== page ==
Wild: From Lost to Found on the Pacific Crest* by Cheryl Strayed – “At twenty-two, Cheryl Strayed thought she had lost everything. In the wake of her mother’s death, her family scattered and her own marriage was soon destroyed. Four years later, with nothing more to lose, she made the most impulsive decision of her life. With no experience or training, driven only by blind will, she would hike more than a thousand miles of the Pacific Crest Trail from the Mojave Desert through California and Oregon to Washington State—and she would do it alone. Told with suspense and style, sparkling with warmth and humor, Wild powerfully captures the terrors and pleasures of one young woman forging ahead against all odds on a journey that maddened, strengthened, and ultimately healed her.”
Atlas Obscura: An Explorer’s Guide to the World’s Hidden Wonders by Joshua Foer, Dylan Thuras, and Ella Morton – “It’s time to get off the beaten path. Inspiring equal parts wonder and wanderlust, Atlas Obscura celebrates over 700 of the strangest and most curious places in the world. ATLAS OBSCURA revels in the weird, the unexpected, the overlooked, the hidden and the mysterious. Every page expands our sense of how strange and marvelous the world really is. And with its compelling descriptions, hundreds of photographs, surprising charts, maps for every region of the world, it is a book to enter anywhere, and will be as appealing to the armchair traveler as the die-hard adventurer.”
Want to see all of the best travel books on Amazon?
Coffee Table Books for Travelers
Humans of New York: Stories* by Brandon Stanton – “In the summer of 2010, photographer Brandon Stanton began an ambitious project: to single-handedly create a photographic census of New York City. The photos he took and the accompanying interviews became the blog Humans of New York. In 2013, his book Humans of New York, based on that blog, was published and immediately catapulted to the top of the NY Times Bestseller List where it has appeared for over forty-five weeks. Now, Brandon is back with the Humans of New York book that his loyal followers have been waiting for: Humans of New York: Stories. Ever since Brandon began interviewing people on the streets of New York, the dialogue he’s had with them has increasingly become as in-depth, intriguing and moving as the photos themselves. Humans of New York: Stories presents a whole new group of people in stunning photographs, with a rich design and, most importantly, longer stories that delve deeper and surprise with greater candor.”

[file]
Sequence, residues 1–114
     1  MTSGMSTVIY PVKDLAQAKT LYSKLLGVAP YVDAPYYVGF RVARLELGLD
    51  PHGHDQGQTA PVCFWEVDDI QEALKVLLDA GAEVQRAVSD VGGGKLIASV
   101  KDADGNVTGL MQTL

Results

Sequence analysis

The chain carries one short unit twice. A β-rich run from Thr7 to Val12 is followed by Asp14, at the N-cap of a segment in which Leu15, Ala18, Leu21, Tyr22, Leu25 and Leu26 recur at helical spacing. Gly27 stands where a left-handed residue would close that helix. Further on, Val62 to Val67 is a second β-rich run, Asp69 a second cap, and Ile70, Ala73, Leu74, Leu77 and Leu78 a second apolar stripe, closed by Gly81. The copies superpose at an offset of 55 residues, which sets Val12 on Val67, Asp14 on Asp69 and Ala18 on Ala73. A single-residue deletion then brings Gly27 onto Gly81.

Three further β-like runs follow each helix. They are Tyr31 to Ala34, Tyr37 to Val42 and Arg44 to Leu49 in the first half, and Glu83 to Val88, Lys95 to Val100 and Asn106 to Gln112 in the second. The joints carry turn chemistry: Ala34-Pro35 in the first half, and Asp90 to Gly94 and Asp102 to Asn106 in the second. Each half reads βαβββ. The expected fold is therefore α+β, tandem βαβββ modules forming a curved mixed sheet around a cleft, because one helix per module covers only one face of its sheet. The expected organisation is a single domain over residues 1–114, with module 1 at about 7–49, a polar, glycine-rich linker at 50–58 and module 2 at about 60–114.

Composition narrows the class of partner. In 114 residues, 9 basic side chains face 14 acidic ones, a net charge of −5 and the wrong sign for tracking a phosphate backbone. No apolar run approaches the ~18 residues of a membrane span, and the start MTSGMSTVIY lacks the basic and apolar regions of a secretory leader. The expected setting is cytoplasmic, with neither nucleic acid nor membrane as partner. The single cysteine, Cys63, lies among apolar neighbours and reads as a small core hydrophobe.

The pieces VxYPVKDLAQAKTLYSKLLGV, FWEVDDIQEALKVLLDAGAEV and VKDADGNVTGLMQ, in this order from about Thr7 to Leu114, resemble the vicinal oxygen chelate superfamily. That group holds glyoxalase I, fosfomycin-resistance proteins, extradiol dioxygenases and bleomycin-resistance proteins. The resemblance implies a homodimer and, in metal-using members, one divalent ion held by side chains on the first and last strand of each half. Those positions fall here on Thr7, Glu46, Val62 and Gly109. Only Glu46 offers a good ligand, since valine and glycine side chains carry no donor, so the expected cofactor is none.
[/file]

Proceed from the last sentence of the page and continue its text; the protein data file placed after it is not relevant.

The Atlas of Beauty: Women of the World in 500 Portraits by Mihaela Noroc – “Since 2013 photographer Mihaela Noroc has traveled the world with her backpack and camera taking photos of everyday women to showcase the diversity of beauty all around us. The Atlas of Beauty is a collection of her photographs celebrating women from all corners of the world, revealing that beauty is everywhere, and that it comes in many different sizes and colors.”
Destinations of a Lifetime: 225 of the World’s Most Amazing Places by National Geographic – “Hundreds of the most breathtaking locales—both natural and man-made—are illustrated with vivid images taken by the organization’s world-class photographers. These images, coupled with evocative text, feature a plethora of visual wonders: ancient monoliths, scenic islands, stunning artwork, electric cityscapes, white-sand seashores, rain forests, ancient cobbled streets, and both classic and innovative architecture. Loaded with hard service information for each location, Destinations of a Lifetime has it all: when to go, where to eat, where to stay, and what to do to ensure the most enriching and authentic experience.”
Epic Bike Rides of the World by Lonely Planet – “Discover 200 of the best places to ride a bike in this beautifully illustrated hardback. From family-friendly, sightseeing urban rides to epic adventures off the beaten track. Destinations range from France and Italy, for the world’s great bike races, to the wilds of Mongolia and Patagonia. These journeys will inspire – whether you are an experienced cyclist or just getting started. Each ride is illustrated with stunning photography and a map. A toolkit of practical details – where to start and finish, how to get there, where to stay and more – helps riders plan their own trips. There are also suggestions for three more similar rides around the world for each story. Each piece shows how cycling is a fantastic way to get to know a place, a people and their culture.”